Eastern Europe

Europe is currently in the middle of its summer vacation period and the usual slowdown in business activity. Lower LME levels and the incredibly hot weather have also led to reduced street collections. Demand is not expected to pick up until September, while many plants are implementing planned shutdowns. Despite a weaker Polish zloty (trading at 4.6-4.8 to the US dollar in July versus 4.4 in June), exports are slow.

In Ukraine, the market is continuing to function. Street collections of brass are reported to be approximately 20% of pre-conflict volumes but are sufficient to enable exports to keep going. Domestic copper collections are enough to cover internal demand whereas exports and imports are non-existent owing to slower demand and the gap between the official and cash currency rates (29 versus 38 UAH to the US dollar at the time of writing).

The Russian metal market is being heavily disrupted by currency and LME fluctuations.  Even with currency hedging, the gap between the official and cash US dollar/ruble rate is 10-15%. Cable producers are taking advantage of the lower LME levels by trying to buy copper for their previously-signed contracts at lower prices, showing increased demand in July. At the same time, scrap suppliers are carrying plenty of stock purchased at higher LME levels and currency rates, which they are not ready to move at current market prices owing to the absence of relevant hedging. The same gap can be seen in the aluminium market.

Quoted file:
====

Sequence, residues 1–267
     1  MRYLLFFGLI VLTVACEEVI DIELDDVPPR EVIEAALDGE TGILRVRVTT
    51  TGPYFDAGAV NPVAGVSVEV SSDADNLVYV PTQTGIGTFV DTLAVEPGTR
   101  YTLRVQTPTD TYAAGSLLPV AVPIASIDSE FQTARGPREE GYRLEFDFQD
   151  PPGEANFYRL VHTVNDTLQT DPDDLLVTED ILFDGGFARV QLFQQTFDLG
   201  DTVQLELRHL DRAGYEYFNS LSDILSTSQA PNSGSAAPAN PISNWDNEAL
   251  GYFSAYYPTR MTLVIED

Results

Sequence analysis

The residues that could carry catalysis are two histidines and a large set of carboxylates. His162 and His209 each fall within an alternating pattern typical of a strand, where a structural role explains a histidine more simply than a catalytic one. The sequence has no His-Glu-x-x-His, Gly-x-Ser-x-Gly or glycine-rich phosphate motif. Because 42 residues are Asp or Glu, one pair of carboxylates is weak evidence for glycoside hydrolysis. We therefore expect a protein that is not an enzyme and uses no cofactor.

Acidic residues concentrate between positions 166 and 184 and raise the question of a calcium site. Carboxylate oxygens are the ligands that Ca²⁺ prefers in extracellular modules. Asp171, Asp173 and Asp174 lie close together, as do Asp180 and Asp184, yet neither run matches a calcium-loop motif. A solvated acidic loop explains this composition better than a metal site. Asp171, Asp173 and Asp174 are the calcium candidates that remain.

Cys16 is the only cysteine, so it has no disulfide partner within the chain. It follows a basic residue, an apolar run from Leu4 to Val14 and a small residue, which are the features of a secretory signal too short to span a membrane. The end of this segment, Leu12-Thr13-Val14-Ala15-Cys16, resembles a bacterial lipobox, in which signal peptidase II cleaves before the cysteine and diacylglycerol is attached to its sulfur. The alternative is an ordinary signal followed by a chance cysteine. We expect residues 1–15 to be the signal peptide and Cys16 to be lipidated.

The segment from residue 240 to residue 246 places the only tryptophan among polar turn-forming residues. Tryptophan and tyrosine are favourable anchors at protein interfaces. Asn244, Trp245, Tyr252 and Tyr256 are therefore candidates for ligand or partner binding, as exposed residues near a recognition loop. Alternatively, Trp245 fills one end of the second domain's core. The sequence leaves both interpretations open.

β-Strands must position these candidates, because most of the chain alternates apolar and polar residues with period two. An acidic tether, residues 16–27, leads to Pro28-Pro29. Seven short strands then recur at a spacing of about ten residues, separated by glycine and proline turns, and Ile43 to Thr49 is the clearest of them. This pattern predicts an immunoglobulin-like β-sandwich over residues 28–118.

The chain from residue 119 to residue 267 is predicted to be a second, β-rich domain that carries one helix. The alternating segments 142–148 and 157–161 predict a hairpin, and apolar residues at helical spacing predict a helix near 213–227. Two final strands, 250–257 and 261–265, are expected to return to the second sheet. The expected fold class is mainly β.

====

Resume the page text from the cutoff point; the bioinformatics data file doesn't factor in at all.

Key recent developments in actions taken against Russia include proposed sanctions against copper giant UMMC and the tightening of sanctions on Russia’s top lender Sberbank, both of which have the potential to be very significant.

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